Edwards also has the mission of helping the city take back power, finding a way that it speaks again with one voice.

Dalziel says the earthquake recovery has been muddled and stuttering because the old council failed to respond. The Government stepped in to fill the vacuum, but that only led to a defensive circling of the wagons, a seige mentality, which bogged the recovery even further.

Now June 16 marks the fresh start. Dalziel says that, after an exhaustive interview process, where the council even took the unusual step of consulting community leaders on the sort of qualities the new chief executive must have, 43 names were whittled down to the one that she believes shone out.

It still seems a large job for slim shoulders. Time to get to know Edwards better.


In management parlance, Edwards is what you would call proactive. As soon as she read the post had become vacant, a head- hunter firm named, she was on the phone from Melbourne, not waiting for any advertisement.

"I rang up the recruiter who probably thought it was a bit odd, really, but anyway we had a nice chat. So I was always determined that this was what I wanted to do."

Edwards' story is that she is a Christchurch girl, a high-flier in health management, who, after rising to deputy chief executive of the Canterbury District Health Board, jumped the ditch in 2007.

Moving to South Australia, she took on the assignment of reorganising seven Adelaide hospitals into a pooled arrangement, the Central Northern Adelaide Health Services.

Edwards admits there were hard changes to sell to staff even though the benefits of the restructuring were huge. "It was imposed by government so people weren't prepared for it."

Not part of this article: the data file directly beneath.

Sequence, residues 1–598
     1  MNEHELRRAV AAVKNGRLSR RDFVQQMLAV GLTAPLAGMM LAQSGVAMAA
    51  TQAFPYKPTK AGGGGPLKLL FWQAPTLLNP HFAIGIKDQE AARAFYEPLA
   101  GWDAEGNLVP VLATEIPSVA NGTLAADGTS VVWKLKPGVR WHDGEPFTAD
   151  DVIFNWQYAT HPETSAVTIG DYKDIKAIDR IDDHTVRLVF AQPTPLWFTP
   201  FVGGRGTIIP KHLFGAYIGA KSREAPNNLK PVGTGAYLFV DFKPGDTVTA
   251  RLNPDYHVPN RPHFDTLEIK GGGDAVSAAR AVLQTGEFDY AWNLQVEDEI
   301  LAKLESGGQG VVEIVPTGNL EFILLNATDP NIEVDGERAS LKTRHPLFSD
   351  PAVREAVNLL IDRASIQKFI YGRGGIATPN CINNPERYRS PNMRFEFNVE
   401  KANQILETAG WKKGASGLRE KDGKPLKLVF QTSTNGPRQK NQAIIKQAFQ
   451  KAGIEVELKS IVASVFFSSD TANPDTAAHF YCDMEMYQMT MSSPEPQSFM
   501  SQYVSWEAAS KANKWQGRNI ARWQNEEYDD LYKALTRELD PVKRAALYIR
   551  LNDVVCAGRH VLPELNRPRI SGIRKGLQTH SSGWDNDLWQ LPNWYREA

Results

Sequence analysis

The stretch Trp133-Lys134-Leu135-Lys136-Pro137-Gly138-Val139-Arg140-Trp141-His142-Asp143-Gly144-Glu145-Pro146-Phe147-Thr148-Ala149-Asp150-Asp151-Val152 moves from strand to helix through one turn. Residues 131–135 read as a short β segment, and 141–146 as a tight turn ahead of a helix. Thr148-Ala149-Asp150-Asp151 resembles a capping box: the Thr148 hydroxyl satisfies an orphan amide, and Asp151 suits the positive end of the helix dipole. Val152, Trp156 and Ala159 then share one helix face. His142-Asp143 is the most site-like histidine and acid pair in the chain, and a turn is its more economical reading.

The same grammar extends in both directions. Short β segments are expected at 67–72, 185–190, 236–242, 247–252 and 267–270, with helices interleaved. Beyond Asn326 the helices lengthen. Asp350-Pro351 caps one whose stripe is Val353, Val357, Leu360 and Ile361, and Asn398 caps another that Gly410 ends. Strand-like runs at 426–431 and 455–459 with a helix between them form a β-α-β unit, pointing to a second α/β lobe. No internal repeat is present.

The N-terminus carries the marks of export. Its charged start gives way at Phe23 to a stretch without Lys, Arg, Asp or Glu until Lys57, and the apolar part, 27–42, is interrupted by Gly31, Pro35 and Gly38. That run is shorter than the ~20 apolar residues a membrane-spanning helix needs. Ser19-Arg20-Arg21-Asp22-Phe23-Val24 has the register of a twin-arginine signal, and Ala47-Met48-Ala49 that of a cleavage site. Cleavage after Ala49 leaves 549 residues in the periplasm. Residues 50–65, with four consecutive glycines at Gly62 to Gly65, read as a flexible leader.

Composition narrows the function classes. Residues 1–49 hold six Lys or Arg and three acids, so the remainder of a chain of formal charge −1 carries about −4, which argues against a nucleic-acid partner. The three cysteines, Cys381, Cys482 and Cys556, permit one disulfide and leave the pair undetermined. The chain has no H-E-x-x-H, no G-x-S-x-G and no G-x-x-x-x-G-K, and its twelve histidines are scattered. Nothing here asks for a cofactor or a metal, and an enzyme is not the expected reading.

Accomplishing this, she moved to become first Victoria's chief of mental health, then the founding chief executive of Victoria's Commission for Hospital Improvement - the best job in the entire health sector, she says.

"It's a very positive role because it's all about innovation. We don't have to say no to people, in fact we have to say yes and figure out how to do it. So I was asked to establish the commission and it's ticking over really well."

But all the time she was looking back at Christchurch and watching how it was faring after the earthquakes.

Edwards was raised near Hornby and went to Hillmorton High. She has a mother, two sisters and their families still living in Christchurch. Her husband, John Moody, grew up in Papanui and was a student at St Bede's.

Moody is an industrial chemist who co-founded a manufacturing business in Christchurch and sold it before they left for Australia. They also sold their large Mt Pleasant home.

But Moody has continued to manage a Christchurch investment property portfolio which includes industrial units, Edwards' mother's Cashmere townhouse, and a section in Scarborough where they eventually hope to build.